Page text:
Title
Conserved polar residues in the transmembrane domain of the human tachykinin <tex>$NK_{2}$</tex> receptor : functional roles and structural implicationsConserved polar residues in the transmembrane domain of the human tachykinin <tex>$NK_{2}$</tex> receptor : functional roles and structural implications
Author
Faculty/Department
Faculty of Pharmaceutical, Biomedical and Veterinary Sciences . Biomedical Sciences
Publication type
article
Publication
London,
Subject
Chemistry
Biology
Source (journal)
The biochemical journal. - London, 1984, currens
Volume/pages
339(1999):1, p. 55-61
ISSN
0264-6021
ISI
000079702300008
Carrier
E
Target language
English (eng)
Full text (Publishers DOI)
Abstract
We have studied the effects of agonist and antagonist binding, agonist-induced activation and agonist-induced desensitization of the human tachykinin NK2 receptor mutated at polar residues Asn-51 [in transmembrane helix 1 (TM1)], Asp-79 (TM2) and Asn-303 (TM7), which are highly conserved in the transmembrane domain in the rhodopsin family of G-protein-coupled receptors. Wild-type and mutant receptors were expressed in both COS-1 cells and Xenopus oocytes. The results show that the N51D mutation results in a receptor which, in contrast with the wild-type receptor, is desensitized by the application of a concentration of 1 mu M of the partial agonist GR64349, indicating that the mutant is more sensitive to agonist activation than is the wild-type receptor. In addition, we show that, whereas the D79E mutant displayed activation properties similar to those of the wild-type receptor, the D79N and D79A mutants displayed a severely impaired ability to activate the calcium-dependent chloride current. This suggests that it is the negative charge at Asn-79, rather than the ability of this residue to hydrogen-bond, that is critical for the activity of the receptor. Interestingly, the placement of a negative charge at position 303 could compensate for the removal of the negative charge at position 79, since the double mutant D79N/N303D displayed activation properties similar to those of the wild-type receptor. This suggests that these two residues are functionally coupled, and may even be in close proximity in the three-dimensional structure of the human tachykinin NK2 receptor. A three-dimensional model of the receptor displaying this putative interaction is presented.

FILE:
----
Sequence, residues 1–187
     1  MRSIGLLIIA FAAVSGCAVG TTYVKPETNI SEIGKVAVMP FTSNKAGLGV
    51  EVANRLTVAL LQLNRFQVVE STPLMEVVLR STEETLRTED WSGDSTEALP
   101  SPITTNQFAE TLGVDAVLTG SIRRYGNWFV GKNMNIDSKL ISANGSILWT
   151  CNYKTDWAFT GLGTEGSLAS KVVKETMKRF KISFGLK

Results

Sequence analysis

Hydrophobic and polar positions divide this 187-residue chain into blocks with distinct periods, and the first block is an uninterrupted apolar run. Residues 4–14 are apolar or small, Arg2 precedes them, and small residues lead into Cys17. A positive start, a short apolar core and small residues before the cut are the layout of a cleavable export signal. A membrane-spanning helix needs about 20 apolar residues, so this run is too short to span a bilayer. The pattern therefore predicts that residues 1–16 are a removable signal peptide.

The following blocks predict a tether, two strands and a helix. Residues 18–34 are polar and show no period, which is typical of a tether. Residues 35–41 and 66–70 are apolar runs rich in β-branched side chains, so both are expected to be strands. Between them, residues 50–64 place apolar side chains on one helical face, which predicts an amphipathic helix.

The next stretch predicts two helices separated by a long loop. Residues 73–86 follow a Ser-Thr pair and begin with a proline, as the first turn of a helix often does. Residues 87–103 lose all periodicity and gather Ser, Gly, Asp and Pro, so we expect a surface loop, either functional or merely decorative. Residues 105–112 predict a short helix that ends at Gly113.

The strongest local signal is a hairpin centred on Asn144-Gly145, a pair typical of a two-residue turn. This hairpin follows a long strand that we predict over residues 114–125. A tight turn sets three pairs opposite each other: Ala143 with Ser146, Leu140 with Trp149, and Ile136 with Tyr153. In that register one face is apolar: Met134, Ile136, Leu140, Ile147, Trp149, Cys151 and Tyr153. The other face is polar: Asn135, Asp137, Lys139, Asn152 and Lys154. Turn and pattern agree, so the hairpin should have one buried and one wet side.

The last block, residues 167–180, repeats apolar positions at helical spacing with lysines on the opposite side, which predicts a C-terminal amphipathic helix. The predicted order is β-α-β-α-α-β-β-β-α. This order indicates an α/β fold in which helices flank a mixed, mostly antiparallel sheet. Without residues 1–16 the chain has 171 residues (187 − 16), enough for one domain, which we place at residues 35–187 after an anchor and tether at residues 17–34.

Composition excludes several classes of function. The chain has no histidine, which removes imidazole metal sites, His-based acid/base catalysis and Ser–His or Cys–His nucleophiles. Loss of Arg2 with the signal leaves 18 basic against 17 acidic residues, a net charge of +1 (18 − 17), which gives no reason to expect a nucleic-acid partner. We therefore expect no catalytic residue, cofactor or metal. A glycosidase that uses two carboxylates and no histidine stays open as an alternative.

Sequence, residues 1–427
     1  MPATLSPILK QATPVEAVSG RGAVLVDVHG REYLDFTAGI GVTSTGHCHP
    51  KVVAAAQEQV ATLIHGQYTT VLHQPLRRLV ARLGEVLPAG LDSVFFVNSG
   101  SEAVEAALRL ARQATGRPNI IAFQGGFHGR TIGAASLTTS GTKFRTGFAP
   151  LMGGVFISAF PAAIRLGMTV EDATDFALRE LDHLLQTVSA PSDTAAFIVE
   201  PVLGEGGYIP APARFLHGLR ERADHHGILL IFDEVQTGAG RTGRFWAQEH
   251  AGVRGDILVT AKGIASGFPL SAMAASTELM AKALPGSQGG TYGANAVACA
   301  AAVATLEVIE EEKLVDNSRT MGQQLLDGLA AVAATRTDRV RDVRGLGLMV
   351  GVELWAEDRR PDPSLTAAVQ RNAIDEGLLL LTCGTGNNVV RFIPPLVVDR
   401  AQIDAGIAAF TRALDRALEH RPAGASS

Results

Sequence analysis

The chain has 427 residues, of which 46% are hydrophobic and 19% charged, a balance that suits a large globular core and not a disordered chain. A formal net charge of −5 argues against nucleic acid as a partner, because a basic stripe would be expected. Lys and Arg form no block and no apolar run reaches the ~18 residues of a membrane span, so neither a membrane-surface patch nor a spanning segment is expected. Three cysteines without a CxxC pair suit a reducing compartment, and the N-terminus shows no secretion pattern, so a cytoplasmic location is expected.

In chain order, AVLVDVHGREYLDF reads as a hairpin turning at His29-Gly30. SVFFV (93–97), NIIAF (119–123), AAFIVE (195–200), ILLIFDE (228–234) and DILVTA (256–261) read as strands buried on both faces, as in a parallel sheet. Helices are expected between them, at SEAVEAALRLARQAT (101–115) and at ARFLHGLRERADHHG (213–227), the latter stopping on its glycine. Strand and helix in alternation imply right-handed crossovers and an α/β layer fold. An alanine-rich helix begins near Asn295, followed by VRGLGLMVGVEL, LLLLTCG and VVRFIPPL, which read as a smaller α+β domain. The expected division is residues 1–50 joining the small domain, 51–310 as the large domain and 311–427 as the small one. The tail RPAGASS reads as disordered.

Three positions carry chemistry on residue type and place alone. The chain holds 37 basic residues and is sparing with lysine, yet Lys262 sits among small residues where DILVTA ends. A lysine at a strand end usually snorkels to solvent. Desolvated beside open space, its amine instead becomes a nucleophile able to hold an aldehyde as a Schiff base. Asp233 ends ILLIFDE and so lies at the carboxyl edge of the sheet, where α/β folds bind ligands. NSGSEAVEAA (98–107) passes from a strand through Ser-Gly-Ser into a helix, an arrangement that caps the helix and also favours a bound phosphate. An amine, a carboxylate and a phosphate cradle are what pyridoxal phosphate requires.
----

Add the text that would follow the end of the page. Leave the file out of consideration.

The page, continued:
E-info
https://repository.uantwerpen.be/docman/iruaauth/27844d/6629083.pdf
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